- Opinion Essay requires the author’s opinion on an issue which is stated in the introductory paragraph. It should be clearly presented and followed by reasons and supporting examples. Also, this essay paper should contain an opposing argument that comes before the conclusion. The writer must explain to readers why the mentioned argument is considered to be unconvincing. The writer’s opinion should be restated/summarized in the conclusion.
- For and Against Essay provides readers with a thorough debate on the topic with the help of opposing points of view. Each point should be discussed objectively and described in details. The introductory paragraph puts the issue under consideration. The main body of this essay paper should present examples, reasons, and arguments supported by justifications. The author’s own opinion with balanced reflections on the topic should be stated only in conclusion.
- Essay Suggesting Solution to a Problem discusses problems and finds the main solutions. The introduction paragraph explicitly declares a problem and analyses its causes and consequences. The main body of the essay should offer some suggestions for a possible solution to the problem and potential state consequences or expected results. In conclusion, author’s opinion should be distinctly summarized.
📑 How to Write a Discursive Essay
Well, it’s time to talk about the structure of a discursive essay. Like most of the assignments, a discursive paper starts with an introduction and ends with a conclusion:
The first question you may ask is how to start a discursive essay introduction. Simple!
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- Give your readers a hook – something that would sound interesting to them.
- Provide a short explanation of the problem. You may use quotations, as well as rhetorical questions.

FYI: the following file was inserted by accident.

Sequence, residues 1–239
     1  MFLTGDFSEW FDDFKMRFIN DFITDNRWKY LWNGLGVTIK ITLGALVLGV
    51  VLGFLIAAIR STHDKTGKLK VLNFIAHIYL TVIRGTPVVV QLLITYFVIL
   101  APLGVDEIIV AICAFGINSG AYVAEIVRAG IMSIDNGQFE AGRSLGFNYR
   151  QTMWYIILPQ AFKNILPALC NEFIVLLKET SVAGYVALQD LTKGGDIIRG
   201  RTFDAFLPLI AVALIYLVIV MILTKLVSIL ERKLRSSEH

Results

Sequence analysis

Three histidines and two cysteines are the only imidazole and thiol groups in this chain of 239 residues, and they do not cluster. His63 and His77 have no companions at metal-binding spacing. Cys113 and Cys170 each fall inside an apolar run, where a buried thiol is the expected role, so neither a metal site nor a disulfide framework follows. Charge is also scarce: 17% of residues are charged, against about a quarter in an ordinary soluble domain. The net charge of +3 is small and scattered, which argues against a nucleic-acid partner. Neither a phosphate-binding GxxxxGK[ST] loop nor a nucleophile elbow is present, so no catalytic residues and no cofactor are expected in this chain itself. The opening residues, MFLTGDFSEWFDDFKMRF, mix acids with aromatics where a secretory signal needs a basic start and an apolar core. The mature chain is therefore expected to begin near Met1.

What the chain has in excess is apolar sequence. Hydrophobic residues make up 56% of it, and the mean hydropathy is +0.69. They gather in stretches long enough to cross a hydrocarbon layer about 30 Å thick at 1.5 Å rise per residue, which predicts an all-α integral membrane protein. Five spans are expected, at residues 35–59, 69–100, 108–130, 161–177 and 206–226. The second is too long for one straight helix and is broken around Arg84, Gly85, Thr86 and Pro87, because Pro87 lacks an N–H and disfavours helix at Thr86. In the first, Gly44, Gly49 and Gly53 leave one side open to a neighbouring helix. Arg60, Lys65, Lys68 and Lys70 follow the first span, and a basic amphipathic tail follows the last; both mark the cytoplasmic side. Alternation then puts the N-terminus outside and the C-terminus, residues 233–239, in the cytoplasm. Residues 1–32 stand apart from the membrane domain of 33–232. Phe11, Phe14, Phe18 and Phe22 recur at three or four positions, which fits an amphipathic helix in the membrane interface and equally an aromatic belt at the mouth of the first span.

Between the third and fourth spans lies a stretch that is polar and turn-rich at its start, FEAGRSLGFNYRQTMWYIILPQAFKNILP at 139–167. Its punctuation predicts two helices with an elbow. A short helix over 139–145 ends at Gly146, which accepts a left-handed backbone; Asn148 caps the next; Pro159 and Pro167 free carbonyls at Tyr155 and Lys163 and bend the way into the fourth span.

- Show your readers both sides of the arguments and sum up.
You may be wondering…
Is there something I should avoid in my discursive essay introduction?
Yes. No stereotypes and generalizations, please!
The next step under formal essay writing you should take is to compose the body.
There are a few points you should remember:
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- First and foremost: stay unprejudiced . Assess all of the aspects of an issue. Leave your feelings behind or for another essay type.
- Second: build your argumentation . If you have several arguments for your viewpoint—provide them in separate paragraphs. This will help you to keep your essay comprehensible and distinct. Don’t forget to submit supporting evidence.
- Third: write the body of an essay in an alternate manner. What does it mean? If your first paragraph supports the paper’s argument, then in the second paragraph you should write something in the opposite of it. Such a combination of supporting and opposite paragraphs will make your essay look apparent, and well researched. Besides, it will help you to remain neutral.
- Fourth: include topic sentences and evidence . Write a summary of the argument at the beginning of the paragraph. It will allow the reader to easier understand what the paragraph is about. Provide evidence to show that you’re not making the facts up.
Well, you’ve almost finished your writing. Now you should focus on the last section. Keep reading, and you will learn how to write a conclusion for a discursive essay.
- In the last section, you should summarize your article including the main points, specified in the body paragraphs.
- You may also logically express your opinion. Remember: it should resonate with your evidence stated in the body paragraphs.